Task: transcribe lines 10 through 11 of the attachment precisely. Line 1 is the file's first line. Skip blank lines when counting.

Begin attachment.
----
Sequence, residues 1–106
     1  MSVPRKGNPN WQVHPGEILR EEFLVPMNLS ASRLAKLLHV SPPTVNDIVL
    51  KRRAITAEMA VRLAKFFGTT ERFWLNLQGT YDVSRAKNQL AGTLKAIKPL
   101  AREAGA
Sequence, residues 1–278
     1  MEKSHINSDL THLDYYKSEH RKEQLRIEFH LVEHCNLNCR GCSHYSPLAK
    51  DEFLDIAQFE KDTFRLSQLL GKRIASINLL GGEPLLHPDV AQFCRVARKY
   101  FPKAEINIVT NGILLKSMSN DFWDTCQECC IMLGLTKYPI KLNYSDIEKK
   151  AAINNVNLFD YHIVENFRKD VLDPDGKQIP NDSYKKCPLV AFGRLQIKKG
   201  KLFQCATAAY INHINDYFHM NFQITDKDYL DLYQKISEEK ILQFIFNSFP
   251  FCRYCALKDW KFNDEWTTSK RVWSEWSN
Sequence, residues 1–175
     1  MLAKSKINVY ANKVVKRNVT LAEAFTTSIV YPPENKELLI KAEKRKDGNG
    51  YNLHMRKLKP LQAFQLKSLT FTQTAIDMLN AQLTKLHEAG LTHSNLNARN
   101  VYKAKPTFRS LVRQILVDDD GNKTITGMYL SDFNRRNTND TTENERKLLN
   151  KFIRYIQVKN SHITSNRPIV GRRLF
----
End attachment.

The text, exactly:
   201  KLFQCATAAY INHINDYFHM NFQITDKDYL DLYQKISEEK ILQFIFNSFP
   251  FCRYCALKDW KFNDEWTTSK RVWSEWSN